Topps Baseball Cards from the Golden Age
Jim Qualls - A Play at the Plate
April 22, 2009
On July 8, 1969 the Cubs began a crucial series against the Mets in Shea Stadium. They lost the first game because of a couple of misplays in center field by Don Young. I always felt that the criticism of Young’s play was unjust. The balls he missed were difficult chances and he did not receive an error on the plays. That wasn’t good enough in Leo Durocher’s book and Jim Qualls was in centerfield for Cubs the next day.
Jim Qualls is most well known for breaking up a Tom Seaver no-hitter with a one out solid hit in the ninth inning at Shea Stadium on July 9, 1969. Qualls was booed loudly by all of the 59,083 fans in Shea Stadium. He represents in a strange way some small sense of satisfaction the Cubs achieved against the Mets that year. One fact that makes the year palatable to me is that the Mets played very well down the stretch against everyone, winning 38 of their final 49 games. Another is that I blatantly predicted that the Mets would win the World Series in 5 games. After Baltimore won the first game I was asked by many if I still thought I was right. With confidence I said the Mets will win in five. Being a genius requires a lot of luck.
Jim Qualls holds another distinction that I consider quite important. He was involved in the most sensational play at the plate that I have ever seen. It was June 13, 1969 and the Cubs were facing the Reds in Cincinnati at Crosley Field. He doubled in the tenth inning and attempted to score on a single by Paul Popovich. Pat Corrales, the catcher for the Reds, blocked the plate as the throw sailed to the third base side of the plate and up the line. Corrales moved up the line to catch the ball. Qualls, running full speed, jumped as Corrales bent down to grab the throw. The ball and Qualls arrived at the same time. Qualls, having nowhere to go but up, attempted to leap over Corrales, but his leg hit Corrales’ shoulder as Corrales rose with the ball and Qualls was sent hurdling into the air about ten feet before home plate. Qualls soared over the plate, his feet skyward and his hand reaching downward in an effort to touch the plate. His momentum carried him over the plate and his outstretched hand never came within a foot of the plate as he crashed to the ground and rolled about twenty feet past home plate. Corrales held up the ball and looked at the umpire who stood stone-faced making no signal at all. Qualls, knowing he missed home plate, got up and raced for home. Corrales, still down the third base line, did the same. Qualls and Corrales both dived for the plate with Qualls hand sliding under the tag before the collision. The ump signaled Qualls safe, an argument ensued, and the Cubs had won the game.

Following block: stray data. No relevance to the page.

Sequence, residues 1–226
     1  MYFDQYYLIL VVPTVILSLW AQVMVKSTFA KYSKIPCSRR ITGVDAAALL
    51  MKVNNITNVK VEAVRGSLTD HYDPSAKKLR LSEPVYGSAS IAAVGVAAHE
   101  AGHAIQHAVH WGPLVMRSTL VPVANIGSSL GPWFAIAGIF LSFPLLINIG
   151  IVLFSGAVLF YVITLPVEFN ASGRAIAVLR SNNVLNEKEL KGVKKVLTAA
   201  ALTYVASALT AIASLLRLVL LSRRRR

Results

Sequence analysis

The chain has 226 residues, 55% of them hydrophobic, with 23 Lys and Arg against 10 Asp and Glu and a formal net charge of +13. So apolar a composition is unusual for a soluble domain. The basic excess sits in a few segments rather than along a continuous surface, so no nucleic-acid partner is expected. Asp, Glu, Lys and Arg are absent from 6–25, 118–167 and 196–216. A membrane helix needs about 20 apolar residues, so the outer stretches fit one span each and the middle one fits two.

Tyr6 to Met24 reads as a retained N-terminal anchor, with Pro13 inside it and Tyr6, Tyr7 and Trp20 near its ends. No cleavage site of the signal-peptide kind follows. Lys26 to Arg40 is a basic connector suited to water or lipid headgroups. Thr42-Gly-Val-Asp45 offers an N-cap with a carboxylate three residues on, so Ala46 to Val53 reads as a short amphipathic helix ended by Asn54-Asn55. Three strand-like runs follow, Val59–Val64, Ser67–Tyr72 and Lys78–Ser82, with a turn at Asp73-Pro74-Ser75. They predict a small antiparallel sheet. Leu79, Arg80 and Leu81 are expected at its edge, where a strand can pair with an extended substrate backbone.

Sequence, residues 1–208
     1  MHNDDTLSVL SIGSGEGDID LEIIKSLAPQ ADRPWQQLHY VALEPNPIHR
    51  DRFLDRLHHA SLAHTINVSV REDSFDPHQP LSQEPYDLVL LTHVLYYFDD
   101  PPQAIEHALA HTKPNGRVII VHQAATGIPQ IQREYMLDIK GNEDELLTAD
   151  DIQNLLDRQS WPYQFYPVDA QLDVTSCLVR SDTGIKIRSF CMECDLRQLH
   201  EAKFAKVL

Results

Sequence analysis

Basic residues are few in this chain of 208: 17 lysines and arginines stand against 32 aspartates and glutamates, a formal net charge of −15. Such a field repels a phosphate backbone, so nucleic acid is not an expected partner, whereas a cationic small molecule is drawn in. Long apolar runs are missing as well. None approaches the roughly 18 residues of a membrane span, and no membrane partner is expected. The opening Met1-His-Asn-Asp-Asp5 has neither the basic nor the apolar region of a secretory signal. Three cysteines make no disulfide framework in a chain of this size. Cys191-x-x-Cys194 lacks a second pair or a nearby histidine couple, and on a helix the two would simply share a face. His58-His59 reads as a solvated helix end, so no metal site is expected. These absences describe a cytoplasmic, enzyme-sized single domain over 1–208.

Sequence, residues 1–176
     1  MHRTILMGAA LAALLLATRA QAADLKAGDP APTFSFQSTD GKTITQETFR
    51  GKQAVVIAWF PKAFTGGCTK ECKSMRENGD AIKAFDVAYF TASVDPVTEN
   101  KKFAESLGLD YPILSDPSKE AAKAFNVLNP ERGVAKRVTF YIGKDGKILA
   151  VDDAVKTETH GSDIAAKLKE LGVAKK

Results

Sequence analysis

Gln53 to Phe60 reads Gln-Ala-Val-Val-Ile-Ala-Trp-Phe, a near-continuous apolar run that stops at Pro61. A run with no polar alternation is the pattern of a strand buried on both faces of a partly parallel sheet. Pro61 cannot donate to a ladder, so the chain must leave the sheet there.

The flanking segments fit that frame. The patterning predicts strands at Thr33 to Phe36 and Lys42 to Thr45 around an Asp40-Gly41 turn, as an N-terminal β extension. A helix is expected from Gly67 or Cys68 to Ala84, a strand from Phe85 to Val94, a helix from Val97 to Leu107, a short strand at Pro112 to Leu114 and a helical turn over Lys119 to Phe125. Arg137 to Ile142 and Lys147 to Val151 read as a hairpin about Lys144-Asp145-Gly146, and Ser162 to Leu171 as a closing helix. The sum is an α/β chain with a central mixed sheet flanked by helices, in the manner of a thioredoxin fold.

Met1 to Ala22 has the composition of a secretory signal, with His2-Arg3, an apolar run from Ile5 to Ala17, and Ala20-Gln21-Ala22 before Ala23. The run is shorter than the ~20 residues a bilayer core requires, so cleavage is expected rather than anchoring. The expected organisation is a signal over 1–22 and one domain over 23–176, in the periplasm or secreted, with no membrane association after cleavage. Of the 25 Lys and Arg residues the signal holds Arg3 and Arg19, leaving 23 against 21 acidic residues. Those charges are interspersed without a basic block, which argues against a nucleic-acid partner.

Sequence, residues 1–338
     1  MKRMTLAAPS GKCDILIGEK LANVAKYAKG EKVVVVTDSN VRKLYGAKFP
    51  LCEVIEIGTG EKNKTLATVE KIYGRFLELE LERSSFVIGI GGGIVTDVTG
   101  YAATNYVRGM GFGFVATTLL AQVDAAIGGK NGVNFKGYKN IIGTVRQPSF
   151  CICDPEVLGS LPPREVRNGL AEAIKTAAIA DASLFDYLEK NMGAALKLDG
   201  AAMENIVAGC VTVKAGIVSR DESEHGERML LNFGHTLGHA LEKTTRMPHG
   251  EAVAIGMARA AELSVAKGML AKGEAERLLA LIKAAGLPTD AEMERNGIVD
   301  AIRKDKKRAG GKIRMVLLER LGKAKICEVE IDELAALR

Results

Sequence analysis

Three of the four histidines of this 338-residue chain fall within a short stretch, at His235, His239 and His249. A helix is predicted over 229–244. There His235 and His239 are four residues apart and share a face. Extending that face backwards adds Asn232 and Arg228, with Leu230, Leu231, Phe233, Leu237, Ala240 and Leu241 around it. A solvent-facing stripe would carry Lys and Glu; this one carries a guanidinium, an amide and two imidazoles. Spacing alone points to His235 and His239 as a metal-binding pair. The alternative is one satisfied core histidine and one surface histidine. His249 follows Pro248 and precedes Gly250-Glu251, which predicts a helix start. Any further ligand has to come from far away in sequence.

Jim Qualls only had 139 at bats over 3 seasons, but his time in the majors is marked by events that will be remembered for a good time to come.
You can check out Qualls's stats at Baseball-Reference.com.